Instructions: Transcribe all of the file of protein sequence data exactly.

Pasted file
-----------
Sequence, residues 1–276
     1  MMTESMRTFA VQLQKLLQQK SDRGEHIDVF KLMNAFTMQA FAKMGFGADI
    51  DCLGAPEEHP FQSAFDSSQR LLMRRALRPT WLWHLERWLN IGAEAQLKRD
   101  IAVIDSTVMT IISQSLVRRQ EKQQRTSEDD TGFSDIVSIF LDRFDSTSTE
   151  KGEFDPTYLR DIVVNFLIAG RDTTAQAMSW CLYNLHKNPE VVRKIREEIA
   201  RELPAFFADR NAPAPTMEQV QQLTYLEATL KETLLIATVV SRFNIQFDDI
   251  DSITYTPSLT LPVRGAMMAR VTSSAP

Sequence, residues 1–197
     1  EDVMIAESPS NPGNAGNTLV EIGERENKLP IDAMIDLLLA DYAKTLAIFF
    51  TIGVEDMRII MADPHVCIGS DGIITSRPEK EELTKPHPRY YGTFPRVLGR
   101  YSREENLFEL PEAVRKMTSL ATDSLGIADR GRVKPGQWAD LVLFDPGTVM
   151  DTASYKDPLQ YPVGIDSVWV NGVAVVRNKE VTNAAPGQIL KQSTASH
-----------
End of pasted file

Sequence, residues 1–276
     1  MMTESMRTFA VQLQKLLQQK SDRGEHIDVF KLMNAFTMQA FAKMGFGADI
    51  DCLGAPEEHP FQSAFDSSQR LLMRRALRPT WLWHLERWLN IGAEAQLKRD
   101  IAVIDSTVMT IISQSLVRRQ EKQQRTSEDD TGFSDIVSIF LDRFDSTSTE
   151  KGEFDPTYLR DIVVNFLIAG RDTTAQAMSW CLYNLHKNPE VVRKIREEIA
   201  RELPAFFADR NAPAPTMEQV QQLTYLEATL KETLLIATVV SRFNIQFDDI
   251  DSITYTPSLT LPVRGAMMAR VTSSAP

Sequence, residues 1–197
     1  EDVMIAESPS NPGNAGNTLV EIGERENKLP IDAMIDLLLA DYAKTLAIFF
    51  TIGVEDMRII MADPHVCIGS DGIITSRPEK EELTKPHPRY YGTFPRVLGR
   101  YSREENLFEL PEAVRKMTSL ATDSLGIADR GRVKPGQWAD LVLFDPGTVM
   151  DTASYKDPLQ YPVGIDSVWV NGVAVVRNKE VTNAAPGQIL KQSTASH